I’ve been out of the baseball loop, focusing on my basketball project. But I still slavishly read Bill James’s site, and he brought up a point relevant to my research on pitcher types. In answering a question about Brandon Webb, Bill said:
I’ve said it a thousand times, but. . .I don’t believe in ground ball pitchers. I don’t trust them, I don’t want them, and I don’t believe one should ever invest money in them. In theory, a ground ball pitcher with a good strikeout rate is the best of both worlds. But the problem is, there just aren’t any pitchers like that who are consistently good; they all either get hurt or they lose home plate. The only pitcher like that who has had a great career in the last 30 years was Kevin Brown. The overwhelming majority of the consistently good pitchers are the guys who live off of the high fastball—Clemens, Schilling, the Unit, Pedro, Santana, King Felix, Verlander, Sabathia, etc.
When I left off my baseball research, I left off with a classification of pitchers by the type of pitches that they throw. Dave Allen pointed out that I should look at pitchers who throw two-seam fastballs, as those pitchers have become the subject of much sabermetric discussion. Two-seam fastballs induce ground balls like no other pitch, and the value of ground balls for pitchers has become a hotly debated topic. (By hot, I mean that multiple analysts are competing to show how much value ground balls really have for pitchers.)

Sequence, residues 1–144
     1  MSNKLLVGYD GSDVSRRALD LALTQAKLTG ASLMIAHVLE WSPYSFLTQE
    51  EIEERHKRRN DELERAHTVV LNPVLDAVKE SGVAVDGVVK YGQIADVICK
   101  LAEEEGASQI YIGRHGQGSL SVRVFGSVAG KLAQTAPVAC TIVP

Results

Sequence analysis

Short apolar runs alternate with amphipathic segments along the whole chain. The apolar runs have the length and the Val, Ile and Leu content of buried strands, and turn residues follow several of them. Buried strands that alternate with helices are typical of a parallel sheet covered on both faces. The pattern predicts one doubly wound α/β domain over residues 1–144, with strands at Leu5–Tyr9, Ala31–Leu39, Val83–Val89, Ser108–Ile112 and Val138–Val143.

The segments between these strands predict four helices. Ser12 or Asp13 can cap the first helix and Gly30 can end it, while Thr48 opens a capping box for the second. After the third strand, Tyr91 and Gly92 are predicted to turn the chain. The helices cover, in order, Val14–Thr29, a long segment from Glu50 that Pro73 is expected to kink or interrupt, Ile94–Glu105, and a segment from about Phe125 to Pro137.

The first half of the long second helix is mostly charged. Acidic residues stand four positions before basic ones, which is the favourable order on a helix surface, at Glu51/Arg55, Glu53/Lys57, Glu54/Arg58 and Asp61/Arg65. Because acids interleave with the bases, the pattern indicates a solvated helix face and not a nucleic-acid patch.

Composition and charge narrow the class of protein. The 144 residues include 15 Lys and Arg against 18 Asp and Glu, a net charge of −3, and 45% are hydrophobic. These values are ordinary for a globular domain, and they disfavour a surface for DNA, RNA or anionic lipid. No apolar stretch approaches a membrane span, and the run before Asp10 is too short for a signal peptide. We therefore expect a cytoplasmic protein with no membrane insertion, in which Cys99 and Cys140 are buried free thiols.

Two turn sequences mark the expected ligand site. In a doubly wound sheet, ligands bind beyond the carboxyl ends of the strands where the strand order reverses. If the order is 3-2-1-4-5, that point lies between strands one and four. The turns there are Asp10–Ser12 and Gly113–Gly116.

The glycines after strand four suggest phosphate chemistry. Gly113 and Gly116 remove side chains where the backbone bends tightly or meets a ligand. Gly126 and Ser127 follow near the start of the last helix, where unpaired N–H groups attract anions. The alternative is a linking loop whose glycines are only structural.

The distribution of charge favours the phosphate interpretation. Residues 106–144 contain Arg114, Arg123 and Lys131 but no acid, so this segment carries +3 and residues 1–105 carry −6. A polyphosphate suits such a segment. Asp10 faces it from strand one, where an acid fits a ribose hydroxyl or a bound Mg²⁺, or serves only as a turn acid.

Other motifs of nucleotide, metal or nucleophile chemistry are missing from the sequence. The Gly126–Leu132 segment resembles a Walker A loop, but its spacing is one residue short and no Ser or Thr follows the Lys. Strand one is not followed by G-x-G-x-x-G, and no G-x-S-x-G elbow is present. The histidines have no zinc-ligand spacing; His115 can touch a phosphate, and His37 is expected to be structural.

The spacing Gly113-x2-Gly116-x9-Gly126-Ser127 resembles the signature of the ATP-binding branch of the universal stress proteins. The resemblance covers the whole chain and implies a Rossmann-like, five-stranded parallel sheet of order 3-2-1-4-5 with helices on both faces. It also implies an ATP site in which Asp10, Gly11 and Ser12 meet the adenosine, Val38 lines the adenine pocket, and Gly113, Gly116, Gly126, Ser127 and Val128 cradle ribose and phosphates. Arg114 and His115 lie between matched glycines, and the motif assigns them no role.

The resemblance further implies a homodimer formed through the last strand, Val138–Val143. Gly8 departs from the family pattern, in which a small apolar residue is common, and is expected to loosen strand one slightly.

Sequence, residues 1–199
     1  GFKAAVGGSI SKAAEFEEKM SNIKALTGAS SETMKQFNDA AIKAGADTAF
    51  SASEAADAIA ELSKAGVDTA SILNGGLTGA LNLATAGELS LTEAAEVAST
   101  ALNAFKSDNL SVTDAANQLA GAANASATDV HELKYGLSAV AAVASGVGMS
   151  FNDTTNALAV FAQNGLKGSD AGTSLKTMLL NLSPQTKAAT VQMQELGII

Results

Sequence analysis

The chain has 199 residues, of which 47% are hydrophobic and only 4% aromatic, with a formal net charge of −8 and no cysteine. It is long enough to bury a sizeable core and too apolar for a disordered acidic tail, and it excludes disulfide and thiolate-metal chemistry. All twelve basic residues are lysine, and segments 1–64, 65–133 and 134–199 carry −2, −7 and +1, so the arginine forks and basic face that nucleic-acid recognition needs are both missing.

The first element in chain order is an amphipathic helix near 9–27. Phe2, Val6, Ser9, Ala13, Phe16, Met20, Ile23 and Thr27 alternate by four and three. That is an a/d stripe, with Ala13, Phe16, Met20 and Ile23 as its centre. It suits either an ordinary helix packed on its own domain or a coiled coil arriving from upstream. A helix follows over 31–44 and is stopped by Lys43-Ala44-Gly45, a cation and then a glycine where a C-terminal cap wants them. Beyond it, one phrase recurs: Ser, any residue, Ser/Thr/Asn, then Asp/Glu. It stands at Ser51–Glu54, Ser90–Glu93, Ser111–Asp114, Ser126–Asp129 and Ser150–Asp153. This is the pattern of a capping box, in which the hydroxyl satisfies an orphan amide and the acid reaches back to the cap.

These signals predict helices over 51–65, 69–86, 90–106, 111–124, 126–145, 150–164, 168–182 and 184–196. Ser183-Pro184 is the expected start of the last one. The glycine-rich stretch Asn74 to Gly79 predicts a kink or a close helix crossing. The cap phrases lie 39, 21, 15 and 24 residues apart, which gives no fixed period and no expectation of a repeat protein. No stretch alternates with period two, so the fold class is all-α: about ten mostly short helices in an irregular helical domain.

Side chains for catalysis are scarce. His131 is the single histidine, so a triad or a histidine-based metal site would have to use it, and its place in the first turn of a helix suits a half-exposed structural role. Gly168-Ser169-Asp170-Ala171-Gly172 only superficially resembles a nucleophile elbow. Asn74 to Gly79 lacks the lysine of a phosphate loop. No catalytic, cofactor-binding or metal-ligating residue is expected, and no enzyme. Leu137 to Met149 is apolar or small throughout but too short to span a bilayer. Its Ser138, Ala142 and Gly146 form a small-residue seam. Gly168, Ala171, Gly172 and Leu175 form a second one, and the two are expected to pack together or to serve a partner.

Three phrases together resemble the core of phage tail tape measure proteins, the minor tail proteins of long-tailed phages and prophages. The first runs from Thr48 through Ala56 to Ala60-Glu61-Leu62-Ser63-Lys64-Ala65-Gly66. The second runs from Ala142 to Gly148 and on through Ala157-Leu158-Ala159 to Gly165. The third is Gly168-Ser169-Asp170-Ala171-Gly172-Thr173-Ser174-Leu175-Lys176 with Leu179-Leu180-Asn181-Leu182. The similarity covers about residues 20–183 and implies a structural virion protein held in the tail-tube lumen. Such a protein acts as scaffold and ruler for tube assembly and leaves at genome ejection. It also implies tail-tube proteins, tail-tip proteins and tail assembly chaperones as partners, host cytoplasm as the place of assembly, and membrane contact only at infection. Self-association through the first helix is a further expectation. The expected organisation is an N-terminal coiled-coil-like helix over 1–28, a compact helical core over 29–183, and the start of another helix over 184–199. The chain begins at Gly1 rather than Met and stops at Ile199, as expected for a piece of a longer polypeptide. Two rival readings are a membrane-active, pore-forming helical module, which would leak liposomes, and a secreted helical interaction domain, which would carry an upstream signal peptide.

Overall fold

I created a new category of pitchers, centered around those that throw a high percentage of two-seam fastballs. Indeed, this category of pitchers had very high ground ball rates (something like 6% higher than average), but also lower strikeout rates (about 0.5 K/9 less than average). I was going to write an article about whether or not this “tradeoff” is worth it.
But Bill James brings up a better point. Who are the great two-seam fastball ground ball pitchers out there?